1. The first line sets up the object to search from (Account) and the fields you want returned (ID, Name).
  2. The second line defines how to filter down to the records you want; in this case, accounts created today.
  3. Finally, how do you want the data arranged? In this case, order ascending by name.

SOQL Builder is built into Code Builder and allows you to easily generate queries to view your data. To access it, go back to the search bar at the top, select Show and Run Commands, type SOQL, and select SFDX: Create Query in SOQL Builder. You’ll see an interface like this:

SOQL Builder UI Breaking down the parts of the creating a query.

Here, you can:

  1. Select the object to query against.
  2. Pick which fields you want to return.
  3. In a manner very similar to building out formulas, create filters to narrow down the results.
  4. Determine a field to order the results by, and in which direction. 
  5. Specify a limit to the number of results returned. The default and max is 2,000.

You’ll see the generated query on the right. When ready, click Run Query. You’ll see a table of results like so:

Output from the SOQL query showing FirstNam,e LastName.

To access Org Browser, click the dark cloud icon on the left navbar. To get the latest, update the browser by clicking the refresh circle at the top. Now you have a list of all the top-tier metadata objects in your org.

Want to get a snapshot of everything about the current version of your Account object? Go to Custom Objects, and then click the cloud icon with the down arrow next to Account. This will download the current metadata to this instance of Code Builder.  

Once downloaded, go to the Explorer icon at the top of the left nav bar and click the force-app/main/default folder to see anything downloaded from Org Browser. If you click open the objects/Account folder, you’ll see your snapshot of everything from fields to list views, as such:

Screenshot of Org Browser drilled down to the listviews for Account.

But wait, there’s more

This only scratches the surface of how Code Builder can interact with your org and help you perform various tasks. Everything you’ve seen here is just viewing data and structure, but Code Builder can give you methods to update the data and structure as well. Be sure to regularly check for more in the future. Until then, check out the following resources.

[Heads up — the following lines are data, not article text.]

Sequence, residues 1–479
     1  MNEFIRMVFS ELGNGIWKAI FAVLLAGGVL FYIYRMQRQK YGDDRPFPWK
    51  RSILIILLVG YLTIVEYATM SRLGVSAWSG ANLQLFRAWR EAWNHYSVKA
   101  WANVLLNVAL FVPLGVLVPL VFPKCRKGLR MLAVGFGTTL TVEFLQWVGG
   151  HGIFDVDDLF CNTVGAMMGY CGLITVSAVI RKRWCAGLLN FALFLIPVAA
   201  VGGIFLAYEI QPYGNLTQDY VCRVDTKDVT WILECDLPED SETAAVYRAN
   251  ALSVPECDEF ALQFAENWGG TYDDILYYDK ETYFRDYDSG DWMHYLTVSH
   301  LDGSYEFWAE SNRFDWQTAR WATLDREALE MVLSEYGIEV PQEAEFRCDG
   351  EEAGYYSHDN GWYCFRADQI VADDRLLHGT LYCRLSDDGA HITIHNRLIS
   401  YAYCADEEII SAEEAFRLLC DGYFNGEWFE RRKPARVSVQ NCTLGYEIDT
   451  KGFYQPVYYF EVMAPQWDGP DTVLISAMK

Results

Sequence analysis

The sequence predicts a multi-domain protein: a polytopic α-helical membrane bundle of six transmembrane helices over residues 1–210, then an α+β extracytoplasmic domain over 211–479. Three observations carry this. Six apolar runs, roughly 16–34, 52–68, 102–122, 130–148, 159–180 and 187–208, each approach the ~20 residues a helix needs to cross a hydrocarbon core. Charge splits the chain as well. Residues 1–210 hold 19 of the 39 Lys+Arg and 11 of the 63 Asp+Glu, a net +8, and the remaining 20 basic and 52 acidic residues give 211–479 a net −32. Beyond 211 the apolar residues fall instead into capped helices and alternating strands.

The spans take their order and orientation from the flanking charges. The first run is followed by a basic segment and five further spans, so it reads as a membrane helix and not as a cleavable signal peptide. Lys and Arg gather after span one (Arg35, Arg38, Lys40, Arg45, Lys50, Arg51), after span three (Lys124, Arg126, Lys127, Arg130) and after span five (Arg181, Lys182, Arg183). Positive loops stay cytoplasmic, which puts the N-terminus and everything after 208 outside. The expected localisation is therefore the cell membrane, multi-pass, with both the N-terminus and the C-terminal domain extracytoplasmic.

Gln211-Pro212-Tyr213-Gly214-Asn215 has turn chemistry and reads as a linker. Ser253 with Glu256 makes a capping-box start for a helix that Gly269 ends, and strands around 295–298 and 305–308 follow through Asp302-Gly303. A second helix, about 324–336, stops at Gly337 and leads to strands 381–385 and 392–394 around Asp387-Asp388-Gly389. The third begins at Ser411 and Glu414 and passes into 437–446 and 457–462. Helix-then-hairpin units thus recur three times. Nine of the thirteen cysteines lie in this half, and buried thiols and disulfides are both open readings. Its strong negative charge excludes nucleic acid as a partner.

Make Your Sales and Service Reps' Lives Easier with AI.

5 Ways to Make Your Sales and Service Reps’ Lives Easier with AI

Salesforce is ever-expanding its product offerings, and this year, the most fantastic features of the platform are all things artificial intelligence (AI). Have you started exploring capabilities? Are you truly getting the most from the features? In this post, we’ll cover five ways to make your sales and service reps’ lives easier with AI. 1. […]

Product Announcements You Might Have Missed in 2023.

Product Announcements You Might Have Missed in 2023

In the Spring ’23, Summer ’23, and Winter ’24 Salesforce Releases, Salesforce launched hundreds of new features. Make sure you’re up to date on the latest and greatest features for admins by reading about the new features admins were most excited about this year.  Lightning Experience enhancements From new Dynamic Forms enhancements to the Prompt […]

Drive productivity with Dynamic Forms.

3 Ways to Drive Productivity with Dynamic Forms

Salesforce is a great tool for building out custom solutions to meet your organization’s unique needs. You have tremendous flexibility in building out a data model and user interface (UI) that captures all of the complexity of your specific user workflows using our low-code tools. This flexibility can sometimes come at a cost, however. Over […]